in those other worlds events may track our own, but the ending will be different. Sometimes we need a different ending. I can’t take my body through space and time, but I can send my mind, and use the stories, written and unwritten, to tumble me out in a place not yet existing—my future. (The Powerbook, 63)  And it’s the invented choice of futures that Winterson concerns herself with. The stories are simply “maps. Maps of journeys that have been made and might have been made” (The Powerbook, 63).

The invented points of view and familiar stories, fed over years, add layers of accumulated weight to a life; the “story on story, map on map … warns me of the weight of accumulation,” writes Winterson’s narrator (The Powerbook, 64). “The other worlds I can reach need to keep their lightness and their speed of light” she writes, for “what I carry back from those worlds to my world is another chance” (The Powerbook, 64). A lightness, another chance, increased possibilities free from a confining past or identity is sought. Those who want to limit or box in the narrator are confronted with an unstoppable urgency in being free: “you want to explain me to yourself” the narrator says to her lover “You’re not sure, so you need a label. But I’m not a piece of furniture with the price on the back” (The Powerbook, 65). As with my other authors, Winterson’s writing is concerned with the existential questing of “more life into a time without boundaries” (The Powerbook, 53).

A life, a time, without boundaries, a book, a life, rewritten with each turn of the wheel is adventurous and courageous, it is also filled with uncertainty and trust. Winterson shows that love, romantic for some, global for all, is at the heart of a life of exploration and seeking, and it is this searching and seeking that her character is led by:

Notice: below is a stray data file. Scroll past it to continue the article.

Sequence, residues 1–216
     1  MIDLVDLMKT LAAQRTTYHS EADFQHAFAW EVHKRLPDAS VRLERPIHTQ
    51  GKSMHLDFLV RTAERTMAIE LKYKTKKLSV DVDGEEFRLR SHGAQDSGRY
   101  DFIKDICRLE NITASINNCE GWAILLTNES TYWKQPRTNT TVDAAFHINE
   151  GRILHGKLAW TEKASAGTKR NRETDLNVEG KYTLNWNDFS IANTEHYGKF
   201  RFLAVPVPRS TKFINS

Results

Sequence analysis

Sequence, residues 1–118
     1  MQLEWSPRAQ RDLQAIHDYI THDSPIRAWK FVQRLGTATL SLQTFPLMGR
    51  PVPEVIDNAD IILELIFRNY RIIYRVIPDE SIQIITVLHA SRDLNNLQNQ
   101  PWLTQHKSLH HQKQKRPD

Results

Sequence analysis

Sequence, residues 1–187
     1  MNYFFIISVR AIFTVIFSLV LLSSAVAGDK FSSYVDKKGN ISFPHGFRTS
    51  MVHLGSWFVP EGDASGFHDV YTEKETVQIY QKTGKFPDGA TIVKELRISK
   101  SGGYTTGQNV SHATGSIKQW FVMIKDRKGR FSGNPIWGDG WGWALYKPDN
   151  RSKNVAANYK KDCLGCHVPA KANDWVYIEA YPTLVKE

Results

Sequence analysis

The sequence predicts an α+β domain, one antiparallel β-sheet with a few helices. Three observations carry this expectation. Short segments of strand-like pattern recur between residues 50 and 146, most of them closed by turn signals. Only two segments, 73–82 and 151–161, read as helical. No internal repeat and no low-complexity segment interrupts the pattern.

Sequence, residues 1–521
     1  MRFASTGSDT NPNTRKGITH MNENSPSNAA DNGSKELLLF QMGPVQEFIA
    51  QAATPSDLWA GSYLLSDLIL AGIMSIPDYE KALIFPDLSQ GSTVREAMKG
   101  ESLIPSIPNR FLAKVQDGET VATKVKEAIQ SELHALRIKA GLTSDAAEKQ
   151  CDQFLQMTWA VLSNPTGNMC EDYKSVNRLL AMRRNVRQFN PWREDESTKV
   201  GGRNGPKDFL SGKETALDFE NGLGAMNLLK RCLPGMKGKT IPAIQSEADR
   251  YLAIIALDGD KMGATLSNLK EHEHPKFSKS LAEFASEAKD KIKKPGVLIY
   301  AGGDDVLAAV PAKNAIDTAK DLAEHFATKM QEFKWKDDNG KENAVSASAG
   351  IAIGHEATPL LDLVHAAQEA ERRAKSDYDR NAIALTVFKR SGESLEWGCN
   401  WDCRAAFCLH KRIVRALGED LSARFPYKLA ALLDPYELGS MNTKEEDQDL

Only the impossible is worth the effort. What we seek is love itself, revealed now and again in human form, but pushing us beyond our humanity into animal instinct and god-like success. The love … has a wildness in it …human love … is an encampment on the edge of the wilderness … the wilderness is not tamed. It waits—beautiful and terrible—beyond the reach of the campfire. Now and again someone gets up to leave, forced to read the map of themselves, hoping that the treasure is really there … I do not know if what I hear is an answer or an echo. Perhaps I will hear nothing. It doesn’t matter. The journey must be made. (The Powerbook, 91)

While there are many readings, switches, and shifts in the speaking of The Powerbook’s narrator, what is consistent is the overarching theme given to each vignette, chapter, and story weaver. Even in fluctuating time and space narrative we are invited into the world and voice of characters who writes stories that are predominantly centered around boundaries and desire (The Powerbook, 40) and what it means to be open, to love, and to be on the journey of a life. The raw vulnerability that comes from the tender openness of revealing oneself through one’s surroundings is what gives an extraordinary context and power to The Powerbook.